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September 03, 2012

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Great article! I almost forgot about netbook category. Never heard of that Intel had so much faith on netbooks. However, I have read a lot of analyst reports saying that Apple needs netbook to be survived in the coming storm of netbooks. iPad really changed everything...First, it woke up Microsoft of dreaming using the word "slate" first in any computing products. Microsoft thought that Apple would use the word "slate" for the rumored tablet. It turned out it was a stunt (probably from Apple) for Microsoft to steal it for CES 2010. Then, it crashed the 30 years failure of tablets, with iPad sales in first year equivalent to sales of all combined Windows tablets since iPad. iPad 3 also changed computing history that high resolution LCD would only appear on Desktop first. What will the computing world look like in the next 7 years?

Apple tells them to make a chip efficient enough to drop in the MacBook Air, because Intel didn't make anything at the time that could. And they comply.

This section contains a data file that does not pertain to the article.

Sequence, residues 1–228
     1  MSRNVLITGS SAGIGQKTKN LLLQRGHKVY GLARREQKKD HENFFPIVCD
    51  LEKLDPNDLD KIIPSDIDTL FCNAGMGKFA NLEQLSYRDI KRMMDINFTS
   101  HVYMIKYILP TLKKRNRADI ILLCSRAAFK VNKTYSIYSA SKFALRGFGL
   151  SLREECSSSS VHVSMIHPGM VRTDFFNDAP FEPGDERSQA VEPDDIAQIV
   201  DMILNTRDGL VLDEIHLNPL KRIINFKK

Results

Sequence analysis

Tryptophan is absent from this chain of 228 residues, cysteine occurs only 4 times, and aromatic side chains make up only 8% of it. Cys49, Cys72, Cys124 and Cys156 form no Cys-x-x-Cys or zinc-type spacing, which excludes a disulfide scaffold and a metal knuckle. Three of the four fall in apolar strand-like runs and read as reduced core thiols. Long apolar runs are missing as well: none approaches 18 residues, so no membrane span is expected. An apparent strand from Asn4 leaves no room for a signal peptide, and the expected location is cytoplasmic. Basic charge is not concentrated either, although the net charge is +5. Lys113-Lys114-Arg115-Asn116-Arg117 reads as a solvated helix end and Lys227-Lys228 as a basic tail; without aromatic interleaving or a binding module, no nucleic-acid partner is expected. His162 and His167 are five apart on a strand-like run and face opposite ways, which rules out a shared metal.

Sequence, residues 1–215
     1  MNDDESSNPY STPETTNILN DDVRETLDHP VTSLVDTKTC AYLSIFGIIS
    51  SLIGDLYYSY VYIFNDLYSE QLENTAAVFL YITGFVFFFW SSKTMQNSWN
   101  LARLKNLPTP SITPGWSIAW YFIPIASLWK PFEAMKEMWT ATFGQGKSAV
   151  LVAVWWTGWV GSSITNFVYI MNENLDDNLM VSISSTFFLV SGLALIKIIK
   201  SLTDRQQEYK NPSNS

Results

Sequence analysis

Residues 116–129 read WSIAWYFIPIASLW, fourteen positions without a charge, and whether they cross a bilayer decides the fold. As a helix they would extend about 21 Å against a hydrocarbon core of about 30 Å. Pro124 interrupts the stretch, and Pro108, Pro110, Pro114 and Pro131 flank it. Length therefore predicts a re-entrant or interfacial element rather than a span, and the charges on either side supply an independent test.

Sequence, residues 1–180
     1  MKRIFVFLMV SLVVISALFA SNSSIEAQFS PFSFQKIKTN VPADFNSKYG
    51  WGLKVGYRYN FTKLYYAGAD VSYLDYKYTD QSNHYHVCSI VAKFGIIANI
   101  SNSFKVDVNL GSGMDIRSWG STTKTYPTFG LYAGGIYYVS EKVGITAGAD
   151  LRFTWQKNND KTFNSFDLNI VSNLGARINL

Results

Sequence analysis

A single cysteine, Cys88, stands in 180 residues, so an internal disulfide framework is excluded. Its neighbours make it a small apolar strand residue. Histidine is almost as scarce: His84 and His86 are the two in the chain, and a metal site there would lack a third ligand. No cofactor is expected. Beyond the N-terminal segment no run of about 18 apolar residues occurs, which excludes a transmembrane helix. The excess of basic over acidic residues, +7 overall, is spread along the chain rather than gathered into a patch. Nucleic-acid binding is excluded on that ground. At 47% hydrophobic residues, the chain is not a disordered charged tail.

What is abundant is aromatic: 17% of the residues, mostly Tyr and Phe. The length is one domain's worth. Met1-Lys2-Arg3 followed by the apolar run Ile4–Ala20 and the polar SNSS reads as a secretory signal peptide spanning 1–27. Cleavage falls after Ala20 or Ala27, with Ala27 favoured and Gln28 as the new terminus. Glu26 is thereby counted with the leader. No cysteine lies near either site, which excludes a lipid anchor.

And how does Intel thank Apple?

"Ultrabook. Inspired by Intel."

Screw 'em.

Do you know how many analysts said that Apple would lose out if they didn't hurry up and start producing cheap Apple netbooks? Quite a few. There were a number of claims that the Windows netbook would launch the next mobile revolution. It was cheap. It ran the world's most popular OS (Windows). It had all the ports consumers wanted. It ran Adobe Flash. It ran Microsoft Office. Did I mention that netbooks were cheap, cheap, cheap. Who wouldn't want to own one of those inexpensive, but fully functional beauties? What company didn't produce Windows netbooks? Only one. Supposedly, the most stupid company in the world run by the fool, Steve Jobs. He didn't think that Windows netbooks were the future. The analysts, the tech-heads and media pundits all laughed at Steve Jobs for having no vision of the future.

Anyway, the iPad was introduced and the computer industry was transformed. Apple, so far, has had the last laugh and the profits to back it up. Even so, there were a couple of Wintel vendors who swore to investors that tablets were just a temporary thing and everyone would soon be going back to Wintel netbooks. After all, consumers couldn't actually get any work done with an iPad. It was a crippled device not worthy of notice. An iPad couldn't hold a candle to a wonderful Windows netbook that was much, much cheaper. End of story. Intel loses and ARM wins.

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